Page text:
On the train ride from Narita airport to Tokyo Station, at the end of an 11-hour flight, the thought that I would soon be soaking in a hot spring buoyed my tired spirits. There are more than 2,000 natural hot-spring baths, known as onsen, and my partner and I planned to visit one at each stop along our journey. Our first hotel, Hoshinoya Tokyo, is billed as the only true onsen ryokan (hot-spring inn) in central Tokyo. This is somewhat surprising considering the country’s extensive bathing culture, but the geothermal waters here lie far below, and Hoshinoya had to drill a kilometer-deep well to tap into them.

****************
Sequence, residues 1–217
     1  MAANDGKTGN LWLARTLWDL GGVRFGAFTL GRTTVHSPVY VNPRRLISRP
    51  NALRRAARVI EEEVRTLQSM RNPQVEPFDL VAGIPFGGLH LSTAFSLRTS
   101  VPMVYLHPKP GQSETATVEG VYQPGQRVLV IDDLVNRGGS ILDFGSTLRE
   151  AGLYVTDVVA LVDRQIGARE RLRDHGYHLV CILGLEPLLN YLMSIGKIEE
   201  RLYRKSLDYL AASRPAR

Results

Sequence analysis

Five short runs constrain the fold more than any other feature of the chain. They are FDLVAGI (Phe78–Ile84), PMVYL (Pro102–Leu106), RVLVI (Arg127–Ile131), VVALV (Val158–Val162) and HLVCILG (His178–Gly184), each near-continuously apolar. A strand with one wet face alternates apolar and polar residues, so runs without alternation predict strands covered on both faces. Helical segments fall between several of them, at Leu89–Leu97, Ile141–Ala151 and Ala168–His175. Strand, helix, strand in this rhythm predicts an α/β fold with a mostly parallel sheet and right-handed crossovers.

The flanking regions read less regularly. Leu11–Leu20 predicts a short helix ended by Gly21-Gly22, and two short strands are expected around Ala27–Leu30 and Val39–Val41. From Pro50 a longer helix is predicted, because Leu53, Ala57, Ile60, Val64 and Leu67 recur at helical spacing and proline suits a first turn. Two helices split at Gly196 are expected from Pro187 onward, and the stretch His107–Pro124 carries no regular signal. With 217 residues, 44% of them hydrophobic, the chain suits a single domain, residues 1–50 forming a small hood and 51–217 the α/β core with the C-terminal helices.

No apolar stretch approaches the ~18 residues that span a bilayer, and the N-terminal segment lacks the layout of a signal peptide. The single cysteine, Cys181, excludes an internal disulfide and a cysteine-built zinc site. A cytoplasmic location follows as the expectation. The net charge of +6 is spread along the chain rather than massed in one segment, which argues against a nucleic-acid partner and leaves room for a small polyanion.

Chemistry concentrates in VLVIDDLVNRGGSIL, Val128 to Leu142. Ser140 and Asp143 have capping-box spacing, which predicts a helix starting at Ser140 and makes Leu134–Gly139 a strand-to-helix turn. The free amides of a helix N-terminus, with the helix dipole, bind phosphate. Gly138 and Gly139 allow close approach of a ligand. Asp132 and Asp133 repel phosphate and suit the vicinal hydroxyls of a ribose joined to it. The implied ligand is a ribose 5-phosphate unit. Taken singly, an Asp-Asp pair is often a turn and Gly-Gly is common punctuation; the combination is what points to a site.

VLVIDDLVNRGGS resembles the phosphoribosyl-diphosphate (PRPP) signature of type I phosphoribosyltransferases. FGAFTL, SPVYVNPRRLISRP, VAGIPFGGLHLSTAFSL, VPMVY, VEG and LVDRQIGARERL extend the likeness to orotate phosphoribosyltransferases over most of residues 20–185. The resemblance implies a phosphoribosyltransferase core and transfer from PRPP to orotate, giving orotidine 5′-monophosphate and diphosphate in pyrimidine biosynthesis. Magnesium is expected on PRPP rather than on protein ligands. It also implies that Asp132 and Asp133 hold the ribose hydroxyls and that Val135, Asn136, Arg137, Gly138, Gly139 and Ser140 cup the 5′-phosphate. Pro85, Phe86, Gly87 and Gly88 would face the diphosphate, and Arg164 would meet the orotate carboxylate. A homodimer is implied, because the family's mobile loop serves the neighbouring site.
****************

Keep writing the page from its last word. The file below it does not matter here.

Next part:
The property occupies a high-rise in the financial district (just blocks from the Aman Tokyo, with which it shares a similar minimalist aesthetic). Our cab from the station pulled out of the rain and into the underground hotel entrance, where we were met by a courteous porter. We were then led upstairs to a quiet tatami-lined hallway. As in a traditional ryokan, we were asked to remove our shoes before entering. (These are stored nearby so that staff can have them ready whenever they’re needed.)